We hold these truths to be self-evident, that all men are created equal, that they are endowed by their Creator with certain inalienable Rights, that among these are Life, Liberty and the pursuit of Happiness. -- That to secure these rights, Governments are instituted among Men, deriving their just powers from the consent of the governed, -- That whenever any Form of Government becomes destructive of these ends, it is the Right of the People to alter or to abolish it, and to institute new Government, laying its foundation on such principles and organizing its powers in such form, as to them shall seem most likely to effect their Safety and Happiness. Prudence, indeed, will dictate that Governments long established should not be changed for light and transient causes; and accordingly all experience hath shewn, that mankind are more disposed to suffer, while evils are sufferable, than to right themselves by abolishing the forms to which they are accustomed. But when a long train of abuses and usurpations, pursuing invariably the same Object evinces a design to reduce them under absolute Despotism, it is their right, it is their duty, to throw off such Government, and to provide new Guards for their future security. -- Such has been the patient sufferance of these Colonies; and such is now the necessity which constrains them to alter their former Systems of Government. The history of the present King of Great Britain is a history of repeated injuries and usurpations, all having in direct object the establishment of an absolute Tyranny over these States. To prove this, let Facts be submitted to a candid world.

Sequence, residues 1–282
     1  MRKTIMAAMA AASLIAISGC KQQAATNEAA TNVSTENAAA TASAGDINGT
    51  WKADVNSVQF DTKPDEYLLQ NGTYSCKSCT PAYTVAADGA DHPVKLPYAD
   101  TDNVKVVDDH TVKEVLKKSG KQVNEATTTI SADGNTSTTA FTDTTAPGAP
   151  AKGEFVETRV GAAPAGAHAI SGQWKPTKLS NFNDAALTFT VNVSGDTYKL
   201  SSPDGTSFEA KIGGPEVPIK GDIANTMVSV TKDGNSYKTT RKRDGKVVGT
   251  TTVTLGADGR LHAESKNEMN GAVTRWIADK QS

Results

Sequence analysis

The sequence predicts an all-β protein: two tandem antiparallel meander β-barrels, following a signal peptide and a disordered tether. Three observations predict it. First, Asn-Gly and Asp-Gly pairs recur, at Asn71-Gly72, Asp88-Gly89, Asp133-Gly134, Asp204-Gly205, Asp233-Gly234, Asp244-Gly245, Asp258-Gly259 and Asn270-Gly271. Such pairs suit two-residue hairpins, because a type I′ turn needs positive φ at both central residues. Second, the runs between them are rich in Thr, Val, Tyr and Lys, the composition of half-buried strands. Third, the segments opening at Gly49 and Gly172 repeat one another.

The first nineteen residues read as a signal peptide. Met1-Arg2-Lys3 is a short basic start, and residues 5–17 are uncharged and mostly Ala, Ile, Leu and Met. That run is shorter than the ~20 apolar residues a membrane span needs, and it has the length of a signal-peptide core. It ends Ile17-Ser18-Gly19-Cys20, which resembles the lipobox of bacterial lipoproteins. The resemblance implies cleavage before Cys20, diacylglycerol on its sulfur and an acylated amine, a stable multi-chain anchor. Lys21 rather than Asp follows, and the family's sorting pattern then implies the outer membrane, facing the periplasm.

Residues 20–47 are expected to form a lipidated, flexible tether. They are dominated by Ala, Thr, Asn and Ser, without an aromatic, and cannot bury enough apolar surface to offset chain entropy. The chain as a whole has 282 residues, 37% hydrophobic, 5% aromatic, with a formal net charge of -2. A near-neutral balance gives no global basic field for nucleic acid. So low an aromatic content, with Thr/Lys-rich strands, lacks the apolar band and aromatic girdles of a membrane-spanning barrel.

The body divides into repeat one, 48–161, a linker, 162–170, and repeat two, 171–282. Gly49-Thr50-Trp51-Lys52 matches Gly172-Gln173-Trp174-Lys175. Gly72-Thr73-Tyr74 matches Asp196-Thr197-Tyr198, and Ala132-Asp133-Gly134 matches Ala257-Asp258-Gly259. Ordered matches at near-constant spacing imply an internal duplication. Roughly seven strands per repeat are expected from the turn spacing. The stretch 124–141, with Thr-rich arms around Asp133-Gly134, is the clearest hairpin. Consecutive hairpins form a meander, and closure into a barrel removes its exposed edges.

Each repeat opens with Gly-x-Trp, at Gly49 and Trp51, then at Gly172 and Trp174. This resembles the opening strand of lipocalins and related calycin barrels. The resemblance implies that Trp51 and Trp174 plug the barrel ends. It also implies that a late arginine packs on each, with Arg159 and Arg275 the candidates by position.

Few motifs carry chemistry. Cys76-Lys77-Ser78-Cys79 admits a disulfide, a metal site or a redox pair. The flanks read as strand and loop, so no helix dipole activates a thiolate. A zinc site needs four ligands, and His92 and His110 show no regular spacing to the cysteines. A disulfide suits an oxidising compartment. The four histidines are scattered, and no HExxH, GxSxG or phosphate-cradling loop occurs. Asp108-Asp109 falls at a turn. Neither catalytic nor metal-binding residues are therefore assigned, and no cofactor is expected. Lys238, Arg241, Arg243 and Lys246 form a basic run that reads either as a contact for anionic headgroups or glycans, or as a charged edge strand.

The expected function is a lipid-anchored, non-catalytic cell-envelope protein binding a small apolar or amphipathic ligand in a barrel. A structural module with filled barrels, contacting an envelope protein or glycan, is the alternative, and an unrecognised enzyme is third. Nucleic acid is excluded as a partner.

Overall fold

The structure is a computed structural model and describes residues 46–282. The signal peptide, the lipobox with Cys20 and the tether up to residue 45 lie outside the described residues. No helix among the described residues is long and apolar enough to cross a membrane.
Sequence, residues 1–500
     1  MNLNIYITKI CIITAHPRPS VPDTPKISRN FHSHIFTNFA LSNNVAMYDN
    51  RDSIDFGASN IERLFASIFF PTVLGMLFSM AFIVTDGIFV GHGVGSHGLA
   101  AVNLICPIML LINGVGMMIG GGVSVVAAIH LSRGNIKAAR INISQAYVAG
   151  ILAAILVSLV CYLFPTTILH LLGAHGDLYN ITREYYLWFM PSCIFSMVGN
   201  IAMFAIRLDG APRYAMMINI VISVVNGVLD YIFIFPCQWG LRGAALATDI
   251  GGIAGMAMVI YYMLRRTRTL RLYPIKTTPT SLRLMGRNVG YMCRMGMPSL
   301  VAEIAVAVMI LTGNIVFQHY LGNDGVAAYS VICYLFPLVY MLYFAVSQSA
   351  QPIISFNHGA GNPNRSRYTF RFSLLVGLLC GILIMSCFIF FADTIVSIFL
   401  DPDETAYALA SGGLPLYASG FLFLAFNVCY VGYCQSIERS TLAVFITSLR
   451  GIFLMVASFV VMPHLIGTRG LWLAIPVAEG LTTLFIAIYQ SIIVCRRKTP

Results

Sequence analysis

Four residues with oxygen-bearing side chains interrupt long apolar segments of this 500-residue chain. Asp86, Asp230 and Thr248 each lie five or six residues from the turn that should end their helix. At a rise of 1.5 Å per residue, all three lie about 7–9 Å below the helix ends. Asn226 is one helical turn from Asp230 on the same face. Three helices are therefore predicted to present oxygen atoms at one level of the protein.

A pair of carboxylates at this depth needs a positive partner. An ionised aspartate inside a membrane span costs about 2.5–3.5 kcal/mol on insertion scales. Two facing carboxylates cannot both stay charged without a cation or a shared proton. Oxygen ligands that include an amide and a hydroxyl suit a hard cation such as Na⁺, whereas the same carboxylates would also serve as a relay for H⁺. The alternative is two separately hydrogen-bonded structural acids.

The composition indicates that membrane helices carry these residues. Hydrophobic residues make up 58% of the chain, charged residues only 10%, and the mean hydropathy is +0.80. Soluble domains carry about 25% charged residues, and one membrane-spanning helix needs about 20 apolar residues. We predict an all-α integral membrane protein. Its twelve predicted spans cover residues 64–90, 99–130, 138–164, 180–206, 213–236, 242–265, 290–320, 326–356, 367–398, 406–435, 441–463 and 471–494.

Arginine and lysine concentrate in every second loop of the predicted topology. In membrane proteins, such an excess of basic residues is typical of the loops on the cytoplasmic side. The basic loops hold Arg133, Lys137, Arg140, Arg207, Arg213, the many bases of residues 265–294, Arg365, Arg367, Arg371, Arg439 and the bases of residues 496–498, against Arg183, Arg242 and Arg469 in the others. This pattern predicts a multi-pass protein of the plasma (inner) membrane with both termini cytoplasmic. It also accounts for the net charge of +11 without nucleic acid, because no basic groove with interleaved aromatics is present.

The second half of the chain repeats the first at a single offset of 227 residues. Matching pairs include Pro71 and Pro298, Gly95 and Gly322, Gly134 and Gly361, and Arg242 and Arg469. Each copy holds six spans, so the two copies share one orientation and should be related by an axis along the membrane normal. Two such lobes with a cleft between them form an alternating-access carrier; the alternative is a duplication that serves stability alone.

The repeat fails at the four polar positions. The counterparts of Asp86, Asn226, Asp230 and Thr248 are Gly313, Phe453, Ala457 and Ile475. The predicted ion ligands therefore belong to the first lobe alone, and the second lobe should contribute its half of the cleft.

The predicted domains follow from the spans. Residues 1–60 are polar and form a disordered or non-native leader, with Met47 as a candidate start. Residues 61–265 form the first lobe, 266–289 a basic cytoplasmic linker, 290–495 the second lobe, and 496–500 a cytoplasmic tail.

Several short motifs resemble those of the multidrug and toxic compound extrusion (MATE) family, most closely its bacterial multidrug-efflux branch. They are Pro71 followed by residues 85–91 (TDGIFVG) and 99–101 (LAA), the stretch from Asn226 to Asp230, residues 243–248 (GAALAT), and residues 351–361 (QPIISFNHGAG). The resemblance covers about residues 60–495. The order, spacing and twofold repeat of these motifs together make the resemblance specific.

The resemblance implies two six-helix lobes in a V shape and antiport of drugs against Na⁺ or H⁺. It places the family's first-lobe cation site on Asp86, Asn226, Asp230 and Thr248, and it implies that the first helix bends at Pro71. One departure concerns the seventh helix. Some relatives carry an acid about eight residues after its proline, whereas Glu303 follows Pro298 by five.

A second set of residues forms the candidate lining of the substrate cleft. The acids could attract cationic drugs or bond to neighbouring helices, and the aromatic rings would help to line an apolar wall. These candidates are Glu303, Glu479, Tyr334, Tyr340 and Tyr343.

[List of charges against the King follows]

The conclusion and formal declaration: We, therefore, the Representatives of the united States of America, in General Congress, Assembled, appealing to the Supreme Judge of the world for the rectitude of our intentions, do, in the Name, and by the Authority of the good People of these Colonies, solemnly publish and declare, That these United Colonies are, and of Right ought to be Free and Independent States; that they are Absolved from all Allegiance to the British Crown, and that all political connection between them and the State of Great Britain, is and ought to be totally dissolved; and that as Free and Independent States, they have full Power to levy War, conclude Peace, contract Alliances, establish Commerce, and to do all other Acts and Things which Independent States may of right do. And for the support of this Declaration, with a firm reliance on the Protection of Divine Providence, we mutually pledge to each other our Lives, our Fortunes and our sacred Honor.

Signatories of the declaration

's famous painting depicts the signing of the Declaration. This depiction can also be found on the back of the U.S. .
John Trumbull's famous painting depicts the signing of the Declaration. This depiction can also be found on the back of the U.S. $2 bill.

The first and most famous signature on the Declaration was that of John Hancock, President of the Continental Congress. The other fifty-six signers of the Declaration represented the new states as follows:

New Hampshire:


Rhode Island:


New York:

New Jersey:





North Carolina:

South Carolina:


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National Bureau of Standards preserving the U.S. Declaration of Independence in 1951

See also

External links

The Preservation and History of the Declaration (http://www.pbs.org/wgbh/nova/charters/)

"Drafting of the Declaration of Independence. The Committee: Franklin, Jefferson, Adams, Livingston, and Sherman." 1776. Copy of engraving after Alonzo Chappel. - credits National Archives and Records Administration (http://teachpol.tcnj.edu/amer_pol_hist/thumbnail31.html) -- large version (http://teachpol.tcnj.edu/amer_pol_hist/fi/0000001f.htm)